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Why Building Public Assets is Key for Debt Sustainability and Economic Growth

File image of Egyptian and Chinese construction workers on site at the ongoing works at the "business and finance district" of Egypt's "New Administrative Capital" megaproject, some 45km east of Cairo. Khaled DESOUKI / AFP

By Yan Wang and Yinyin Xu

Public assets are a vast unknown and untapped resource. Consisting of real estate and operational assets, public assets include a country’s state-owned land, transport, and utilities, as well as its liquid financial assets and state-owned corporate assets. Unlike listed equity assets, public wealth is unaudited, unsupervised, and often unregulated. Sometimes, it is even almost entirely unaccounted for. 

The value of public commercial assets is estimated to be twice that of global stock markets, and twice that of global GDP. In Africa, the total value of public assets is most likely in excess of $5.2 trillion. If these assets were professionally managed, they could generate an additional $80 billion in revenue every year (or 3 percent of GDP annually), more than most countries collect in corporate taxes. Currently, government-owned operational assets are on average a third less productive than private firms.

The current narrative on debt sustainability often ignores the issue of what a government owns (assets) versus what it owes (liabilities). While conventional approaches largely focus on the liability side, a country’s public assets can be vital to its development and debt sustainability.

African countries have seen the largest, fastest, and most broad-based debt accumulation in recent years. The COVID-19 pandemic has worsened the situation, with unprecedented capital outflows leading to liquidity crises, currency depreciation, and worsening debt distress in some countries. Debt restructuring through the International Monetary Fund (IMF) would necessitate a major contraction in public debt and investment that may have an anti-investment bias and could lead to recessions. Additionally, a recent study found the IMF’s structural adjustment programs, which require countries to undertake policy reforms in exchange for loans, undermine investor confidence and increase sovereign borrowing costs.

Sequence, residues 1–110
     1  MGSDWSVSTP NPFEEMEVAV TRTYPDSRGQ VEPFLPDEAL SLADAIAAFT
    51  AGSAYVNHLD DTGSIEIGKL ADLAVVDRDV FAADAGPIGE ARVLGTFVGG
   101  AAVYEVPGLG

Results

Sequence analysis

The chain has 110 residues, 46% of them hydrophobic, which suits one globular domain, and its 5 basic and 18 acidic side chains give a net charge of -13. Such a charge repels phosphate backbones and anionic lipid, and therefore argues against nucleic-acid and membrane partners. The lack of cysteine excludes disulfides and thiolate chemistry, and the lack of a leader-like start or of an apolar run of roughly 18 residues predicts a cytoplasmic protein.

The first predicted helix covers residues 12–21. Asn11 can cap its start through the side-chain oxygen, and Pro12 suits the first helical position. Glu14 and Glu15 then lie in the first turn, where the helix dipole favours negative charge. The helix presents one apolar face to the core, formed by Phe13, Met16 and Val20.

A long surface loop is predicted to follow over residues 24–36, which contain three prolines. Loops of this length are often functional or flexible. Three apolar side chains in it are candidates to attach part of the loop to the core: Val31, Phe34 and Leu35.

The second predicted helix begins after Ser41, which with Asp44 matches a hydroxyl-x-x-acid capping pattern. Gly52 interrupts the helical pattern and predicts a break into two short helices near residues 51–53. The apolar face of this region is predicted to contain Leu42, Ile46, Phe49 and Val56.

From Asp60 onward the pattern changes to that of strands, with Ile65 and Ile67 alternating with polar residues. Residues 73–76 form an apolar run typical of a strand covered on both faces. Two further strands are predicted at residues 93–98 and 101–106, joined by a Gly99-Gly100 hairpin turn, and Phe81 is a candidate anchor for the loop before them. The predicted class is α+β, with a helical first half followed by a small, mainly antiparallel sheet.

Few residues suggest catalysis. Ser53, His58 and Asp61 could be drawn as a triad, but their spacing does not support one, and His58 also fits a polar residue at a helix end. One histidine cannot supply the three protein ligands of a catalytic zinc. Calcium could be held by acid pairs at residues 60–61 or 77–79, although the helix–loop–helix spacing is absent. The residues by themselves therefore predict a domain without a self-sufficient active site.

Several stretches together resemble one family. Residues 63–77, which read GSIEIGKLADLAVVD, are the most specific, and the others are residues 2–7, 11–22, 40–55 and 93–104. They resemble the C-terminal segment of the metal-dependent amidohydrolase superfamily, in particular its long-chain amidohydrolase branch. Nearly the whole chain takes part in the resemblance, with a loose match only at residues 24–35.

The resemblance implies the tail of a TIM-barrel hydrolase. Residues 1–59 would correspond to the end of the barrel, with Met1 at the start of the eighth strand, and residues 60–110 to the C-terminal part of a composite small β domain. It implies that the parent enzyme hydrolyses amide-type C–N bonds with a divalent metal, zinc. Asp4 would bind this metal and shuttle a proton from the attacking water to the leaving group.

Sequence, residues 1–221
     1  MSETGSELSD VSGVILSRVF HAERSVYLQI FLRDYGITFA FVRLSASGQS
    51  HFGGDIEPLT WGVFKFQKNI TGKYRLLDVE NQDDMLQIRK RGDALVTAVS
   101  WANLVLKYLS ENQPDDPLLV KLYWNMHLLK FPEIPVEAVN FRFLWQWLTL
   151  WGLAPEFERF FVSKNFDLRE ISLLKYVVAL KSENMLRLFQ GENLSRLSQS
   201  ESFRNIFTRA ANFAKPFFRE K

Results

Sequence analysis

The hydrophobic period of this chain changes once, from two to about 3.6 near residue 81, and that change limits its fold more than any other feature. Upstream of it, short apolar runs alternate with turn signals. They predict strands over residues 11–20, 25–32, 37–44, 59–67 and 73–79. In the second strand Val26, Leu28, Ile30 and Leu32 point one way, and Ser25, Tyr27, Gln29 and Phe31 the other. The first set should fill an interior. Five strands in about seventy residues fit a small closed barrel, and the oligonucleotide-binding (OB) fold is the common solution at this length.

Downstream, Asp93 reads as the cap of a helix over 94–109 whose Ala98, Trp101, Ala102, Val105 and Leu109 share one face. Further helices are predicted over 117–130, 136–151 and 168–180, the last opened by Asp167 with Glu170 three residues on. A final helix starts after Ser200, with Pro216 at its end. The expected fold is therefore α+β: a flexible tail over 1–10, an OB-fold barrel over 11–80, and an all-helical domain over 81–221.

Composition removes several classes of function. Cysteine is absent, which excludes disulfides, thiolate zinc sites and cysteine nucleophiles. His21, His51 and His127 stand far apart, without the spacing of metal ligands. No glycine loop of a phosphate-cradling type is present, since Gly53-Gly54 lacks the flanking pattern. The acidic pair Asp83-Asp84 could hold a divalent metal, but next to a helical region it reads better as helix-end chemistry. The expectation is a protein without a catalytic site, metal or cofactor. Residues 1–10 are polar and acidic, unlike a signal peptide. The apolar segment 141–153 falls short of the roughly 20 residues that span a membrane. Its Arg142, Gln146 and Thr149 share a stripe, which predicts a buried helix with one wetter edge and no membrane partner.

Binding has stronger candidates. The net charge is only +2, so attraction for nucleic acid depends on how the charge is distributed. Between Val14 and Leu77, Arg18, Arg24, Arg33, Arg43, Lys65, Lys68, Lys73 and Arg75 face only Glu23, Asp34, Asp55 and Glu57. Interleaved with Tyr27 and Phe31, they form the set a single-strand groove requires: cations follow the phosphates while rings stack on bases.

In our new working paper, we voice concerns from the Global South that the debt sustainability analysis (DSA) framework ignores the value of public assets. For example, African debt looks rather grave when using the DSA lens, but the situation appears less so when public assets are considered. If accounted for properly, the continued accumulation of public assets would not only leave African governments with a better debt profile than conventional approaches but would also contribute to long-term economic growth. See for instance, Singapore, where a major source of its economic attainment was the creation of robust economic institutions and the effective use of public assets. This approach helped Singapore transform itself into an advanced economy in a single generation. 

China has been a critical partner in providing development finance for the creation of public assets in Africa. Of 3,126 completed infrastructure projects co-financed and jointly built by China and African host countries between 2000-2017, 76.1 percent of hard infrastructure projects and 73.4 percent of soft infrastructure projects addressed bottlenecks in their respective sectors. Indeed, Chinese financed projects helped African countries build and upgrade nearly 100,000 km of highways, more than 10,000 km of railways, nearly 1,000 bridges and 100 ports, and 66,000 km of power transmission and distribution. They also helped install 120 gigawatts (GW) of power-generating capacity, a communications backbone network of 150,000 km, and a network service covering nearly 700 million user terminals. 

These projects are now part of the host country’s public operational assets, generating essential social services, jobs, government revenues, exports, and growth. If the host government wishes, the assets could also be put up for initial public offerings or as added value to sovereign wealth or public wealth funds, or national pension funds. 

It is time for markets and rating agencies to look more kindly at the increase in public debt if there are productive assets on the other side of the balance sheet. IMF data on government assets shows that when governments know what they own, they can make better use of the assets for the well-being of their citizens. Improved management of government assets may also have a positive impact on a country’s sovereign credit rating, which affects its cost of borrowing. What is more, the monetization of public assets generates receipts that can be used to pay down existing debt, reducing the need for borrowing while building a government’s financial buffers. 

Ultimately, in an environment characterized by low-interest rates and high uncertainty, the best way to overcome a debt overhang is not to stop investment but to continue investing in public assets. Beyond generating a positive yield, public assets can also support green transformation, generate jobs and build revenue and economic growth. 

With such an approach, African countries can build a brighter and greener future for all without going into debt distress. 

Yan Wang is a Senior Academic Researcher with the Global China Initiative at the Boston University Global Development Policy Center and Yinyin Xu is an Associate Researcher and Project Manager at Furee Think Tank, a government consulting firm in Shanghai. 

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